To this end, four recent drill sites, from “Oudam” in June to “Sebina” in October were each about 25 m (80 ft) apart in elevation – allowing scientists to sample progressively younger layers that reveal Mount Sharp’s ancient environmental history.

One clue to the changing ancient conditions is the mineral hematite, which has replaced the less-oxidized magnetite as the dominant iron oxide in rocks Curiosity has drilled recently, compared with the site where Curiosity first found lakebed sediments.

“Both samples are mudstone deposited at the bottom of a lake, but the hematite may suggest warmer conditions, or more interaction between the atmosphere and the sediments,” said Thomas Bristow of NASA’s Ames Research Center.

Furthermore, an element Curiosity out-right discovered on Mars in recent measurements is boron, which ChemCam detected within mineral veins primarily composed of calcium sulfate.

“No prior mission has detected boron on Mars,” said Patrick Gasda of the U.S. Department of Energy’s Los Alamos National Laboratory.  “We’re seeing a sharp increase in boron in vein targets inspected in the past several months.”

On Earth, Boron is primarily associated with arid sites from which a great deal of water has evaporated.

However, environmental implications of the minor amount of boron found by Curiosity are less straightforward than the increase in hematite.

“Variations in these minerals and elements indicate a dynamic system,” Grotzinger said.  “And the more complicated the chemistry is, the better it is for habitability.”

Opportunity – the “rover that could” nears 13 years on Mars:

For Opportunity, the coming of the new year marked the continuation of a feat many thought impossible – the start of another unprecedented year on Mars.

MER OpportunityThe mission, which was only supposed to last 92.5 days (or 90 sols), has, as of writing, operated for a total of just under 4,590 sols (or 4,716 days) and traversed 43.7 km (27.15 miles) across the Martian surface.

For 2016, Opportunity began the year in one of its more precarious situations: Martian winter.

Because Opportunity, unlike Curiosity, is a solar-power rover, it relies on the sun to generate power via its dust-covered solar panels.

The dust reduces the amount of sunlight that reaches the rover’s solar panels, and this – coupled with Martian winter – can create a dangerous power generation issue for the longest-serving rover on the surface of any celestial body other than Earth.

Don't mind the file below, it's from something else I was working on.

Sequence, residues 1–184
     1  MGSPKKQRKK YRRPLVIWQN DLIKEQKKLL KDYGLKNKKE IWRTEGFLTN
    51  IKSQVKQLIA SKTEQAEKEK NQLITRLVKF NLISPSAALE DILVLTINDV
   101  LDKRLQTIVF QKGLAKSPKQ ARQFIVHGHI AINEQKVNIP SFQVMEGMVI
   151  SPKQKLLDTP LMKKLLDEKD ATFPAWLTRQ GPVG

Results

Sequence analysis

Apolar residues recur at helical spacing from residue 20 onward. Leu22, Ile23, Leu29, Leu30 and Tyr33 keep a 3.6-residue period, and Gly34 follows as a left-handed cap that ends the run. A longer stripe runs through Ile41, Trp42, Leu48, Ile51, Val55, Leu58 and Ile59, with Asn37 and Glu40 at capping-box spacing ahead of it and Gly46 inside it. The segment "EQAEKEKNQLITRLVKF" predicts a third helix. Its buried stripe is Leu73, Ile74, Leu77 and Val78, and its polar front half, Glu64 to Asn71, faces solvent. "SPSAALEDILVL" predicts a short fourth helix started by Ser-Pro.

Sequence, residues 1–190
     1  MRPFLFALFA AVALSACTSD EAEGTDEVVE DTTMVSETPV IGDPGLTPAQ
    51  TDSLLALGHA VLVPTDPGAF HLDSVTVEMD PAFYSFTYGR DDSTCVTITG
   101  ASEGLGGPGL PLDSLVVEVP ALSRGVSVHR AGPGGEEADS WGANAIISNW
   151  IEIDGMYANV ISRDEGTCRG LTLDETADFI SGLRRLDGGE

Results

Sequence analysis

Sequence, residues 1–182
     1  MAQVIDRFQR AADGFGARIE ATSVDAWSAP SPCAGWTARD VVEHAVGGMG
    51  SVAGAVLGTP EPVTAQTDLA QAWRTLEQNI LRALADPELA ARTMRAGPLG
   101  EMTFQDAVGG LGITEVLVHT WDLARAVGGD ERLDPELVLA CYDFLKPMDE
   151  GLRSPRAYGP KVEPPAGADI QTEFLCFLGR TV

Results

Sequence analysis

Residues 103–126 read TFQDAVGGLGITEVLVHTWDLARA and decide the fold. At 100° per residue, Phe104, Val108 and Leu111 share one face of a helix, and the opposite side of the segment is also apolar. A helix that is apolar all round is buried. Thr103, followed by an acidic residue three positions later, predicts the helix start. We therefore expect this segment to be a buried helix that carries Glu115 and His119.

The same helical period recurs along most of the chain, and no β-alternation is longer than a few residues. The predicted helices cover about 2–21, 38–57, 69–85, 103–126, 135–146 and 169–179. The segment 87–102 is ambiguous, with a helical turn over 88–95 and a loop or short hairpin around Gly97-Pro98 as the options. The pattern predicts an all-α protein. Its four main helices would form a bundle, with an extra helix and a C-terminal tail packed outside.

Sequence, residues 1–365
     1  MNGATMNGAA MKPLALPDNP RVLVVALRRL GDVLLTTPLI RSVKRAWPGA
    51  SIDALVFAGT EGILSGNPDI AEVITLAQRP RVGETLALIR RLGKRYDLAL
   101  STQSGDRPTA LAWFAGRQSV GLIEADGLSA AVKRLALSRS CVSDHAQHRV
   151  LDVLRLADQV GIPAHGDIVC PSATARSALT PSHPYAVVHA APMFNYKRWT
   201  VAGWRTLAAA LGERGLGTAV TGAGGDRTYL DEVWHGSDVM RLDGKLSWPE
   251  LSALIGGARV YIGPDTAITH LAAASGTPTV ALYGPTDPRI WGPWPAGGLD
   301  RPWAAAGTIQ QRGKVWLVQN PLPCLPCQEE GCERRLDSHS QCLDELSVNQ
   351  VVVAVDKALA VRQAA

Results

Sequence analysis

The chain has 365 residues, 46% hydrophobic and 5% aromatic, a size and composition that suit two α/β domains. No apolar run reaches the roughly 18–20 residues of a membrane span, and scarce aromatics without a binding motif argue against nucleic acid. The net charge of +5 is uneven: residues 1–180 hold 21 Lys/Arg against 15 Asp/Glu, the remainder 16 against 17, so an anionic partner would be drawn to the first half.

But the winds of Mars once again favored Opportunity, sweeping the rover with wind storms that took a portion of the dust off the solar panels – essentially cleaning them – and allowing the rover to generate enough daily power to remain continuously active throughout the winter months.

Not only did the rover remain active through the lowest solar-energy days, it continued to use its diamond-toothed rock grinder and drive itself across the Martian surface.

Normally, Opportunity has to hunker down and remain stationary on a portion of terrain tilted toward the sun during winter.  But not this year.

“Opportunity has stayed very active this winter, in part because the solar arrays have been much cleaner than in the past few winters,” said Mars Exploration Rover Project Manager John Callas.

By mid-January, the solar panels were generating more than 460 watt hours per day, up 40% from earlier in the Martian winter.

By contrast, during Opportunity’s first Martian winter at its present location, power generation dipped below 300 watt-hours for more than two months, and the mission refrained from driving or rock-grinding during that time.

With the passing of the winter solstice on 2 January, the amount of sunlight available to Opportunity increased throughout 2016.

On 25 January, Opportunity marked the 12th anniversary of its arrival on Mars as the rover explored rocks on the southern side of Marathon Valley on the western rim of Endeavour crater.

In late-January, Opportunity used its rock abrasion tool to remove surface crust from a rock target called “Private John Potts.”  The composition and texture of the rock’s exposed interior was then examined with instruments on Opportunity’s robotic arm.